The Khitan and Jurchen large scripts puzzle me because they don't seem to have much structural coherence. Their characters contain recurring components which have no obvious semantic or phonetic function unlike sinographic components.

In sinography, the component 寸, a drawing of a hand, can be semantic, phonetic, or both: e.g.,

- 寸 is a phonetic for Md cun/zun: 寸村忖忖籿吋 cun (with different tones), 尊 zun

- 寸 is a phonetic for Old Chinese *tu-type syllables: e.g.,

*rtuʔ > Md zhou 'elbow' (寸 is probably also semantic)

*thuʔ > Md tao 'to ask'

- 寸 is semantic in 導 Md dao 'to guide' - one guides by pointing with the hand and/or taking someone by the hand

I don't understand why 過 guo 'to pass' was simplified as 过, but in general if I see a Chinese 寸-graph, I can generally count on being able to figure out what 寸 is doing in it.

I can't say the same thing for the 'underhanded' graphs of Jurchen which don't seem to have anything in common other than a 寸-like shape at the bottom:

Page of Jin (1984) Jurchen graph Reading Meaning Derivation (Jin 1984 unless marked with A)
3 variant of graph on p. 145
70   beye body < Chn 身 'body'
74 variant of graph on p. 159
105 ice new < Chn 亲 < 新 'new'
116 mu, šï (first half of mulu 'complete') A: does Chn 山 'mountain' on top indicate that this graph was originally devised to write a Jurchen cognate of Manchu mulu 'ridge'?
124 ehe bad from Khitan large script
145 i (none; phonogram) < Chn 于 *y
159 šao < Chn 寿 *ʃew
212 došïn, doko inside from Khitan large script
215 mori horse right side from a Khitan large script graph uri 'to go'
224 kang (part of words for 'kowtow') < Chn 康 *khaŋ
234 aci holy < Chn 赤 *tʃhi (A: the component beneath 人 looks like the Khitan large script character for the dative-locative suffix - coincidence?)
251 unknown
278 cïn (none; phonogram) < Chn 爭 *tʃiŋ, near-homophone of 稱 *tʃhiŋ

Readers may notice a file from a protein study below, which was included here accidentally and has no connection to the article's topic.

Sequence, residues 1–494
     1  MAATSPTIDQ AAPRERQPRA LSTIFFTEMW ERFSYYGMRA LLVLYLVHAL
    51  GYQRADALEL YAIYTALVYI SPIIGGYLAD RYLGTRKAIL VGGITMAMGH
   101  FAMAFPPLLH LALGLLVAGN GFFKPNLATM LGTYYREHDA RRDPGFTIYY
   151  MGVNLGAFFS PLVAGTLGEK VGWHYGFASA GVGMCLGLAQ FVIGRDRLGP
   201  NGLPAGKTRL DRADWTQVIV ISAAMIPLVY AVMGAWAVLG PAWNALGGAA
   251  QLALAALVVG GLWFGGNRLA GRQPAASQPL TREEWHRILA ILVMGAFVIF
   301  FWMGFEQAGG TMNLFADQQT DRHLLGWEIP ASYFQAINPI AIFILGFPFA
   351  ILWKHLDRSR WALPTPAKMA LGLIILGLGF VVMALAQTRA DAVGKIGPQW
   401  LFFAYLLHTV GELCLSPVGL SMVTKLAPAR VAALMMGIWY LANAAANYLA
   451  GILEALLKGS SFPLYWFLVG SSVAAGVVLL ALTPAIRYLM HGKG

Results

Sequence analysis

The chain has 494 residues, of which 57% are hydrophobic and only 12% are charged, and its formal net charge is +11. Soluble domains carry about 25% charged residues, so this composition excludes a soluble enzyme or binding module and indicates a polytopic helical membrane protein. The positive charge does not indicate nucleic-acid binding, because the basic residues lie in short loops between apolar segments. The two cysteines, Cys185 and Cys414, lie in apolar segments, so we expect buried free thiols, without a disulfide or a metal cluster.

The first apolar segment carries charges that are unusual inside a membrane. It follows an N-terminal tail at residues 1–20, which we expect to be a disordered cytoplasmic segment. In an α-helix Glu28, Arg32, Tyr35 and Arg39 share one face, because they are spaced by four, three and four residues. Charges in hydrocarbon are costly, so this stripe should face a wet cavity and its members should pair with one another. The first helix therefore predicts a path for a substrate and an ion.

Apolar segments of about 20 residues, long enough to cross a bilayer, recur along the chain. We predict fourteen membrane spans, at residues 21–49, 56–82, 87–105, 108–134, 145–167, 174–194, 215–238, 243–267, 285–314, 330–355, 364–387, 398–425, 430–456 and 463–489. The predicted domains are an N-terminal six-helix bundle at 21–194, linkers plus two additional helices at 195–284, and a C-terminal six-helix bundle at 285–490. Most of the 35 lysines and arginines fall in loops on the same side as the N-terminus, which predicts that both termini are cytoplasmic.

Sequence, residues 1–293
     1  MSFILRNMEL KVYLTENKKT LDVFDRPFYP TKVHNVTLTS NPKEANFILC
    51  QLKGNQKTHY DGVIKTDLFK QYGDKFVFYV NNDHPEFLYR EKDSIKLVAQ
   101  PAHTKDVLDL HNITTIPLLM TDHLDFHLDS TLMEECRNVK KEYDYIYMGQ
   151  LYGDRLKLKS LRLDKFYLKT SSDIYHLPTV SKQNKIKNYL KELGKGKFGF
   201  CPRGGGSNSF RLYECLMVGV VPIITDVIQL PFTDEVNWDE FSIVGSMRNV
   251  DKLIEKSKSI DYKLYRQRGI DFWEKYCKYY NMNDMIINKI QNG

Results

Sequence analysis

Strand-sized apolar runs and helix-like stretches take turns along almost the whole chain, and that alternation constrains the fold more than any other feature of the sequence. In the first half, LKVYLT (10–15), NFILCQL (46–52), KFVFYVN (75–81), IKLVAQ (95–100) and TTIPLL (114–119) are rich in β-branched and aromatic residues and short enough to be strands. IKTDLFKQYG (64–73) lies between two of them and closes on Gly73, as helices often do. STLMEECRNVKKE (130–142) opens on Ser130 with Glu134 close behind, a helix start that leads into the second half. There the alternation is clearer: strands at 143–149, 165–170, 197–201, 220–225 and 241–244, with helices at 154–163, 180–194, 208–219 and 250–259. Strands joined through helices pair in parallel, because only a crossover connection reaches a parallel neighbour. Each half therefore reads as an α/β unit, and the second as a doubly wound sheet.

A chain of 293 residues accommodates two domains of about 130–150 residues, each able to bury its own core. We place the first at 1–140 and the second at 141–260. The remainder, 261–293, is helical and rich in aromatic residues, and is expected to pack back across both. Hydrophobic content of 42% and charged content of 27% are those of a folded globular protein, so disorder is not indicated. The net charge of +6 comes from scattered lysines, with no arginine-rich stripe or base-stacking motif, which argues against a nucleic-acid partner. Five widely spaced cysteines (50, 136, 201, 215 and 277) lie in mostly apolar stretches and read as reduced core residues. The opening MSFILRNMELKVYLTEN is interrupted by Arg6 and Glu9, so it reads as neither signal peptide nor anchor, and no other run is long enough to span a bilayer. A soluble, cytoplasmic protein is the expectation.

In some cases, the Jurchen dot corresponds to a stroke in the proposed Chinese source, but in others it may have been added to differentiate it from a dotless Chinese source: e.g,

  Jurchen i < Chn y

Next: Lost in the Light ON-MISSION, OR ONE MORE 'TIME'

As I posted "Getting Back on the Jurchen Track", I realized I had left out what might be yet another variant spelling of Jin Jurchen pon > Ming Jurchen fon 'time'


with the on-graph that is also in the spellings of the imperial surname Onya(n):



Jin (1984: 100) glossed

<po.on> = pon

as Chn 刻 'moment' whereas he glossed its homophone

<po.on> = pon

as Chn 時 'time'. Did the Jurchen use different spellings for different senses of pon, or did they perceive both spellings as interchangeable?

Although there was a third on-graph in Jurchen, the spelling

for pon is not attested, presumably because that on was a logogram for 'how'.

Were both of the other on-graphs

pure phonograms not originally intended to represent specific words? When the Jurchen (large) script was invented, why were two phonograms for on created? Was

originally intended for the imperial surname, even though it soon came to be used in other contexts? Surely such an important graph wouldn't be misused. The two graphs were presumably homophonous by the time both spellings


were used in the 大金得勝陀碑 inscription of 1185. Were they nonhomophonous only 65 years earlier in the speech of Xiyin, the script's creator? Or does such apparent redundancy reflect an earlier history? If Janhunen (1994) is right about the Jurchen script being a derivative of an (unattested!) Parhae script, perhaps the latter was as complex as Japanese man'yougana: i.e., there were many different ways to write the same syllable. The Jurchen large script could have been an attempt to standardize this chaos (cf. the elimination of multiple kana for the same syllable in Japan in 1900). Homophonous phonograms in Jurchen may be remnants of an earlier diversity.

Next: The Underhanded (finally!)

10.22.1:22: ADDENDUM: Jin (1984: 110) derived the graph for Jurchen on 'how'